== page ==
Football to fight a war on the ground against Air Force

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Justin Truong/SDSU Athletics

Senior quarterback Jordon Brookshire (4) leads the Aztecs into the game against San Jose State (Photo Courtesy of Justin Truong, SDSU Athletics).

by James Salazar, Staff Writer

The San Diego State Aztecs (6-0, 2-0 Mountain West Conference) will look to make history as they travel to Colorado to face the Air Force Falcons (6-1, 3-1 MWC) on Saturday, Oct. 23.

The Aztecs are undefeated at the halfway point and look to get off to the program’s best start since 1975, extending an eight-game winning streak against AFA dating back to 2010. However, the Falcons are entering this game full of confidence on the heels of four consecutive wins.

The Falcons are a well-coached team and despite SDSU’s success against them in recent history the Falcons are not to be taken lightly. SDSU head coach Brady Hoke said Air Force looks as good as any team in the MWC.

The Aztecs are in for a unique matchup as the Falcons are unlike any of their previous opponents. This game will be played inside-out as — in what seems like a mirror-match — both teams have committed to and relied heavily on the run.

Offense

The Falcons primarily run a triple-option scheme. The keyword here is run because, despite their name, the Falcons seem allergic to putting the ball in the air. Like their academy brethren, AFA heavily favors the ground game with a 90% to 10% run-to-pass ratio. 

One can count on their fingers how many passes AFA attempts per game (seven) and would only need one hand to add up their average number of completions per game (about three). They are the only team in the MW completing less than 50% of their passes. However, when they do complete a pass, teams are so surprised by it that they often are not in a position to make plays. This has led to AFA averaging the most yards per attempt in the conference with 11.3 yards per catch.

In lieu of any semblance of a passing game, the Falcons boast a dominant ground game. AFA has rushed 462 times for 2355 yards this season — both conference-best by far. They average 336.4 rush yards per game — over 100 yards more than number two SDSU. The Falcons are not just running a lot, they are running well. As a team, they average 5.1 yards per rush and have scored 27 rushing touchdowns — both MWC highs. This all adds up to 31.4 points per game, making AFA the fourth-highest scoring offense in the MWC.

“Air Force is very dominant at the line of scrimmage. They take care of the football,” Hoke said.

The dominance on the ground is led by junior running back Brad Roberts, whose 178 carries, 818 yards, and eight touchdowns lead all running backs in the conference. That said, he only gets 38.5% of the team’s total carries because the nature of the triple-option results in many different players toting the rock. One of those players is junior quarterback Haaziq Daniels who ranks fifth in rushing yards and first in rushing touchdowns himself. Their remaining 183 carries, 1012 yards, and 10 touchdowns can be attributed to 13 different players.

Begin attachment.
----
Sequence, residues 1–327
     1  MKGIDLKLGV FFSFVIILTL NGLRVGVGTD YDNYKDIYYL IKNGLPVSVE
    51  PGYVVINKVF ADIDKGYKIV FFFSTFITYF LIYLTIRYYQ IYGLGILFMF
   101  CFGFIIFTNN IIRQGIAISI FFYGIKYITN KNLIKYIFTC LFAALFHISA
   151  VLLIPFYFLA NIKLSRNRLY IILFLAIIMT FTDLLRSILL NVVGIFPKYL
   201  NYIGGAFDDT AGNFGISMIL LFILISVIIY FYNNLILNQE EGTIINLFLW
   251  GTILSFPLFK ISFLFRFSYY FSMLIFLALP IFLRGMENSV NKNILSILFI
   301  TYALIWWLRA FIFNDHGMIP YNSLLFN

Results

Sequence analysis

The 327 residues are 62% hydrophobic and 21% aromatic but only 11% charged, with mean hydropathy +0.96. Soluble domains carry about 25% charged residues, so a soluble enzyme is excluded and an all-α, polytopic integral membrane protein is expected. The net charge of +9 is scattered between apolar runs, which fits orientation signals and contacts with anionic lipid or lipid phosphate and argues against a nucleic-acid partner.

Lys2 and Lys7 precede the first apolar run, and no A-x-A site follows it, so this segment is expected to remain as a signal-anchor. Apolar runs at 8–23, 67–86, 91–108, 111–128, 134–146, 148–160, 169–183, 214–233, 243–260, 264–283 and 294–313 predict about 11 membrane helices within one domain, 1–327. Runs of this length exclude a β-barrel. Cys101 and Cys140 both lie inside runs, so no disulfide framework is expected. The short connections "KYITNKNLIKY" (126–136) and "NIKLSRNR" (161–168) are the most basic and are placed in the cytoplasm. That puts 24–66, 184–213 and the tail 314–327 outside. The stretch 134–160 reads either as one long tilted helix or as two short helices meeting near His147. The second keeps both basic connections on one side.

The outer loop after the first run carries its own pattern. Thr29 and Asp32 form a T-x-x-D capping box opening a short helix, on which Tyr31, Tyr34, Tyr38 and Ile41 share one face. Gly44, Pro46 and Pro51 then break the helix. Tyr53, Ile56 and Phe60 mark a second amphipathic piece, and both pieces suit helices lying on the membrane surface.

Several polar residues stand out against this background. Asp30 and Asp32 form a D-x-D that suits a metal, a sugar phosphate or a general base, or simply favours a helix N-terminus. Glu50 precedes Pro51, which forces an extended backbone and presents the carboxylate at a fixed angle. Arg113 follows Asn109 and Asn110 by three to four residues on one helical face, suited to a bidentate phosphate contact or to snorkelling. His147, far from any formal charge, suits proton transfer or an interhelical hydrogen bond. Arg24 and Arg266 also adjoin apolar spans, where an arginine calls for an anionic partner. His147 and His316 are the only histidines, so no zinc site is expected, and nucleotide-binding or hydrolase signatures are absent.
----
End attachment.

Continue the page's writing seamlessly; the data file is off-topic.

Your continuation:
To defend the triple-option you have to take away something the offense does to anticipate where the ball will be, whether it’s the dive or pitch doesn’t matter. Hoke knows this, “My background always has been, you got to stop the fullback” Hoke said. 

However, when so many players can touch the ball it stresses each defender’s assignment. 

“This week is really big on focusing on our keys and reading our keys,” senior linebacker Caden McDonald said. “[We] just got to contain [Daniels] and be sound in our assignments.”

Defense

AFA also trots out an effective defense. Their fourth-ranked pass defense and second-ranked run defense combine for the third-best total defense in the conference. They surrender the fewest number of first downs per game and have the top-ranked scoring unit allowing a measly 16.3 points per game.

While the Falcons’ defense is formidable, their stats are inflated by their ball-controlling offense. AFA’s opponents don’t get many opportunities to test their defensive unit because the offense dominates the time of possession by averaging 37.5 minutes with the ball per game — a MWC-best. Looking deeper, the Falcons’ average yards per play allowed, opponent third-down conversion rate, and red zone defense are all middle of the pack in the conference — hardly the defensive powerhouse their totals suggest.

With two offenses that can burn the clock, getting stops, taking the ball away, and winning the time of possession is crucial this week for both teams. “We both play really good defense when we’re watching the offense,” Hoke said.

Consensus

SDSU and AFA are very similar — both teams are looking to pound the rock and play smash-mouth football and enter this week with the top two rushing attacks to do it. However, both teams also pride themselves in their ability to stop the run —  boasting the top two rushing defenses. Ultimately, this game will be decided by who commits the fewest mistakes, can stay ahead of the chains, and wins at the line of scrimmage. Air Force — like all military academies — doesn’t make a lot of mistakes. They are the least penalized team in the conference. Therefore, the Aztecs must play a clean game and win the battle in the trenches.

“[Air Force] should be 7-0,” Hoke said, “This is definitely, definitely our biggest challenge of the year.”

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